August 26, 2009
Late August is a time when you may think that there is nothing to do in the garden. As in all things to do with gardening, if it isn’t winter, there is always something to do in the garden.
If you have bearded iris in your gardens, late August is the right time to divide the plants. This is an important thing to do for your irises. Over a period of 3 years, irises will develop many new rhizomes. The rhizomes are the sweet potato looking growth that sits on the surface of the soil. The rhizome is in many ways like a bulb. Food is stored in the rhizome. The leaves make the food that is stored in the rhizome. If too many rhizomes try to grow in an area, each one will suffer from lack of food. This will cause less flowering and make the rhizome more likely to be attacked by an insect called the iris borer. This insect lays eggs on the rhizome. The eggs hatch out and the larvae tunnel into the rhizome. The larvae spend their life eating and tunneling through the rhizome. Eventually, the larvae have riddled the rhizome with tunnels. This, of course, makes for a rhizome that struggles to survive.
When you divide the rhizomes, it is highly likely that the iris borer has infected the oldest rhizomes. These old rhizomes are the ones that are located in the center of the bed of rhizomes. These rhizomes should be discarded. Along the outer edge of the bed, you will find smaller size rhizomes. These are usually free from any attack by the borer. The newer rhizomes are the ones that you will be replanting in your garden.
Once you have the entire bed dug up, use a sharp knife to cut off the newest rhizomes. Each rhizome should have two to three leaf clusters attached to the rhizome. For ease of handling, you can cut the leaves back to about three inches above the rhizome. When you are ready to plant the new rhizomes, you should work some bulb food into the soil. You should also dust the cuts on the rhizome with bulb dust. The dust will help to prevent any rot from entering the cuts that were made when you separated the small rhizomes from the rest of the bed. The rhizome is planted with half of the rhizome above ground and half below ground. Space the rhizomes about 6-12 inches apart. Water each rhizome as needed to help them to establish new roots.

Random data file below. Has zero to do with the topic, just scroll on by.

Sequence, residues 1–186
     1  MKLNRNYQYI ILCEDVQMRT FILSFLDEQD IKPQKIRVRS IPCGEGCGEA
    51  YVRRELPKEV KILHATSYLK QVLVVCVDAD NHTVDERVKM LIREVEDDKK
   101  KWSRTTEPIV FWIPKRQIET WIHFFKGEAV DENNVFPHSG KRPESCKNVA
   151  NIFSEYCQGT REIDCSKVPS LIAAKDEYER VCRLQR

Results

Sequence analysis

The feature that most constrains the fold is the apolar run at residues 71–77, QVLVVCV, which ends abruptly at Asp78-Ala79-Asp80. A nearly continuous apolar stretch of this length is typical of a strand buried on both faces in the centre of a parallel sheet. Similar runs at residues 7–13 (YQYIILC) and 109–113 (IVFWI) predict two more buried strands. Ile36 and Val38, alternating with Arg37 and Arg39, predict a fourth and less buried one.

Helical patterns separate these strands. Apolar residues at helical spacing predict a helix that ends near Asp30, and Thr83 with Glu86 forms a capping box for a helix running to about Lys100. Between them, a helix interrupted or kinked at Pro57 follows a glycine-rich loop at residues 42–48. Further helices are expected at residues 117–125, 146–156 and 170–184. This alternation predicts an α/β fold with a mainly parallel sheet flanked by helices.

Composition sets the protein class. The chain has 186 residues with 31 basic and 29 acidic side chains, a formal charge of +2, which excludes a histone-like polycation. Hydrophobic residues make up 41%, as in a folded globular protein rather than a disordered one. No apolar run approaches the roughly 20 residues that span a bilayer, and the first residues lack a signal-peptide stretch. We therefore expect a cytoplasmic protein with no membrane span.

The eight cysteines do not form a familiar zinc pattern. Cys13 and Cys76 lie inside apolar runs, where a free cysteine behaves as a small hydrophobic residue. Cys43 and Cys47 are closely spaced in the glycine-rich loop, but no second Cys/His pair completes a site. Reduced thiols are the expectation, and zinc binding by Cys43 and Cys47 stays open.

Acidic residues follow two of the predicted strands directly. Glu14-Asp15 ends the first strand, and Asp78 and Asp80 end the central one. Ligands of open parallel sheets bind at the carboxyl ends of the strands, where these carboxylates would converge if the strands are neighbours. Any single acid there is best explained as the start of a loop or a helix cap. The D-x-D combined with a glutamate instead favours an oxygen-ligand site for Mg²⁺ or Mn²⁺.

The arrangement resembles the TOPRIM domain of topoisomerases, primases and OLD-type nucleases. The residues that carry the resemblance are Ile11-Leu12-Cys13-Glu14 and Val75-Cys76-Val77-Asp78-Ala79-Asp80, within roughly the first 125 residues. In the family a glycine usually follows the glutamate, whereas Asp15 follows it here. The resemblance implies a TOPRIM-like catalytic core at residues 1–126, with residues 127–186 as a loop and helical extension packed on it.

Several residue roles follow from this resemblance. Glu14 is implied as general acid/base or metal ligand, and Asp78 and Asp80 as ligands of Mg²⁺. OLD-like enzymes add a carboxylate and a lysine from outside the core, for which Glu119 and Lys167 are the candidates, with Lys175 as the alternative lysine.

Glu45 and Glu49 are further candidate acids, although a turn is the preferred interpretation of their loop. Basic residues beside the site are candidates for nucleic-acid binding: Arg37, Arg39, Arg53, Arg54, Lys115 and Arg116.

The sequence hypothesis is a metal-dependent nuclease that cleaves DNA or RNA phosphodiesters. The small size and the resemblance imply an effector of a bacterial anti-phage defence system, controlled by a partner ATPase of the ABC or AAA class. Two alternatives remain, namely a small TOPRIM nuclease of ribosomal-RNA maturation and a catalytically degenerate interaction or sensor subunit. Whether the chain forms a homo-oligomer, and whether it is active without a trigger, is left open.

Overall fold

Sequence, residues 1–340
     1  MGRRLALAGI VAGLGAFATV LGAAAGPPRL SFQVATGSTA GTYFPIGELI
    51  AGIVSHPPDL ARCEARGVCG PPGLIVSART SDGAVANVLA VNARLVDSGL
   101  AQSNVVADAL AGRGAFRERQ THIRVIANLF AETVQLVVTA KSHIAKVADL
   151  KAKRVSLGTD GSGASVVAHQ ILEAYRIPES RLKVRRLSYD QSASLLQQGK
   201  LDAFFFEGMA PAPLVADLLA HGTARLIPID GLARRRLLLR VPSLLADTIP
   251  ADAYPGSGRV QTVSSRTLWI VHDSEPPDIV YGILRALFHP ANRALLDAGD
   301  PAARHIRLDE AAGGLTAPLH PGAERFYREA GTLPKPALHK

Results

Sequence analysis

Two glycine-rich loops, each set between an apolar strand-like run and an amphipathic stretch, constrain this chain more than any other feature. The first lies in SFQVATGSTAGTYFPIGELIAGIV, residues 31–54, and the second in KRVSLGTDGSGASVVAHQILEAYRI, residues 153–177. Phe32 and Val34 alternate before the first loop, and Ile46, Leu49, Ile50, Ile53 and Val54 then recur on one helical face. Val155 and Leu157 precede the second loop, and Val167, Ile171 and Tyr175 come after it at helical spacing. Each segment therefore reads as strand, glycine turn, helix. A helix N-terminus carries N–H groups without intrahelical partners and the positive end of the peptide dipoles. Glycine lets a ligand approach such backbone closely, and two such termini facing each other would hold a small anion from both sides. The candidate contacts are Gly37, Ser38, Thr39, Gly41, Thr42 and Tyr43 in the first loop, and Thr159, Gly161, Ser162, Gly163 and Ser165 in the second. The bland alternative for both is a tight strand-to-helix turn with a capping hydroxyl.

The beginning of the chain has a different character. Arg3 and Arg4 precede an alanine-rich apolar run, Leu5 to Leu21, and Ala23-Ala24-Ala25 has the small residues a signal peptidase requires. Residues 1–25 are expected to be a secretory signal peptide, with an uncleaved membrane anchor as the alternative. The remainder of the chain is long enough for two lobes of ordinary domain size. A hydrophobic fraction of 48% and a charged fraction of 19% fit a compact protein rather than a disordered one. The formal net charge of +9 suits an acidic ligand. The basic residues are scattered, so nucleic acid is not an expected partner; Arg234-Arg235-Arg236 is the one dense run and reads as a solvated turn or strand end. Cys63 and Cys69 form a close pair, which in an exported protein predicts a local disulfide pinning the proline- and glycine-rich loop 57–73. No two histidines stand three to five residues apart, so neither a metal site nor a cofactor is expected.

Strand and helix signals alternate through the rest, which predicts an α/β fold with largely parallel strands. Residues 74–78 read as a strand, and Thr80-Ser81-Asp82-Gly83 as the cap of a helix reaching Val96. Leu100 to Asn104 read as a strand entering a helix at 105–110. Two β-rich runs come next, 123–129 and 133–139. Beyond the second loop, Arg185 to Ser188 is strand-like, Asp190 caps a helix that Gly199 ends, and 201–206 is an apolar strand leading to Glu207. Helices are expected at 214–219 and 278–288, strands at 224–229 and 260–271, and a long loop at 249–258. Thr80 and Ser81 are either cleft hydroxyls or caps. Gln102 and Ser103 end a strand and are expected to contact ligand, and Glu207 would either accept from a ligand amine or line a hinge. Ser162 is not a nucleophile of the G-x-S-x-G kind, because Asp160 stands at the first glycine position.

The older rhizomes should be discarded. Make a mental note to divide the irises again in three years. By next spring, you should be enjoying a great display of irises.
In late August, your tomato plants will have grown and should have produced many flowers that have turned into many tomatoes. These tomatoes will eventually ripen and even this year, with all of the early rain, you will get fresh tomatoes. Your tomato plants will continue to produce flowers and to set new tomatoes. The problem is, the flowers that set now will not have enough time to produce ripe tomatoes before the frost hits. You should be removing any new flower clusters to prevent them from forming new tomatoes. This will allow the tomato plant to use all of its energy to ripen the tomatoes that are already on the plant.
As your tomato plants try to ripen all of those green tomatoes, they will need a lot of potassium to do this task. Potassium is the third number that you will find on the fertilizer package. The potassium level should be relatively higher than the first number on the package. The tomato plants should be fertilized on a regular schedule right up to the time of the first frost. This will allow your tomato plants to have the potassium that they need to ripen all of those green tomatoes.
Well, that’s all for this week. I’ll talk to you again next week.